When a family member or loved one dies, we sort of know how to feel. Not that the feelings we feel aren’t authentic, I don’t mean that at all. What I mean is that culturally, there are staid truths and expected (and accepted) behaviours when we lose someone so close to us, so integral to our existence. What’s a little less clear, in terms of expected behaviour, is when someone in our lives dies who doesn’t fall into that succinct category of “loved one.” They are the people on the periphery of our lives; in our orbit, people we have or have had real relationships with, but whose emotional connection to us kind of defies definition.


When I found out that an ex-boyfriend of mine had died just over a year ago, it was a strange thing to comprehend and to process. Because when I say “boyfriend” that’s not really accurate. We dated off and on over the course of a few years. We spent time together, we shared intimacy (mostly of a physical nature, but some real emotional intimacy as well), but we weren’t really a part of each other’s lives, outside of each other; what we shared was private. So, when I found out that he had died suddenly, I had all kinds of feelings, sadness, shock and disbelief chief among them. But then I felt confused about what I was supposed to be feeling and how I should be acting. I spiraled into an emotional state where I was feeling great loss and heartache for this man with whom I had shared so much, but simultaneous guilt and self-consciousness for feeling so strongly about the death of a person who I hadn’t even spoken to in a year and half. In the end, I decided that whatever I was feeling was okay, because they were my feelings, and regardless of what our relationship was in life, in the end, he meant something to me, and so whatever my grief looked like, it was okay. But it took me a while to come to that.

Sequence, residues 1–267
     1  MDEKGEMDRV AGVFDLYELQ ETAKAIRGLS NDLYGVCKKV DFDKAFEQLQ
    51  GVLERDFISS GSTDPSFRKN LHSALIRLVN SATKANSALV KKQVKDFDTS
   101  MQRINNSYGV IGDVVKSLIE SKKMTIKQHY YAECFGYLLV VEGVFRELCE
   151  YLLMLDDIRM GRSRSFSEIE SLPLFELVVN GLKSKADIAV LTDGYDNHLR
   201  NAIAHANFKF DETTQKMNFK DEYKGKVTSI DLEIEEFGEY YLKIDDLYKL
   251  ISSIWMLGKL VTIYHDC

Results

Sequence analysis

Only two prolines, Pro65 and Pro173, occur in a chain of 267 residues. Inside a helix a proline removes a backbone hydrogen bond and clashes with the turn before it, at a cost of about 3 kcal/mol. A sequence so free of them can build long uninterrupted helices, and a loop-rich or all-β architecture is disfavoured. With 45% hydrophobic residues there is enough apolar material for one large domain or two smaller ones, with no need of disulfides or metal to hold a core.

This week, I learned of the death of a colleague. She was someone I have known for close to ten years, and someone with whom I worked very closely for four and a half of those years. She was someone I talked to every day, someone I laughed with, commiserated with, shared inside jokes with, sought advice from, and at times, gleaned tremendous comfort. She asked me thoughtful questions about my life and really listened to me when I was dealing with challenges, offering her perspective and most importantly, her support. Aside from the occasional team lunch, or holiday staff party though, she was someone I didn’t interact with outside of work. I didn’t really know much about her personal life, except that she loved her family fiercely, she was funny, (especially when she wasn’t trying to be), she had a pretty rad shoe collection and loved to give me dating advise. I also know that her smile would light up a room, she took things in stride and was deeply and widely loved around our office.

Colleagues take up an interesting space in our lives. They aren’t our family or loved ones, and in most cases, they aren’t what we would consider our “close friends,” but in a lot of ways, they are more a part of our everyday lives and routines and realities than our family and friends are. They see a side of us that others in our lives don’t necessarily get to, and if you’re lucky, they provide an emotional connection not found in other relationships.

Eventually, her desk will be cleaned out, its contents dispersed and purged and the personal effects sent to her family. Her role will be filled (or not) and work-life will, for all intents and purposes, go on. But, there will always be a hole where she left us.

That is the strangeness of death. One day a person is here, in your life, occupying a specific, and often important space, and the next, they’re gone. Just not there anymore. I think the important thing is to recognize that they meant something to us, to grieve in whatever way seems right to us individually, and carry their spirit with us.

Andrew, I think of you often, and when I experience those moments when, for a split second, I think I see you walking towards me on the sidewalk, or I randomly conjure in my mind’s eye a certain look you would give me when I would say something clever or cute, or I feel your phantom body (all 6’5″ of it) beside me in my bed when I’m in that semi-conscious, not quite asleep, not quite awake, dream-like state, I remember what you meant to me. And I smile.

Sharon, I will miss you, and as I try to get used to the strangeness of your absence, I’ll try to carry your spirit with me, and remember that you meant something to me. And that means something.

Silent all these years

“Okay, Ms. Peters, we’re almost done here. Are you doing alright? We just have a couple more questions for you. Okay, so…what were you wearing that night?”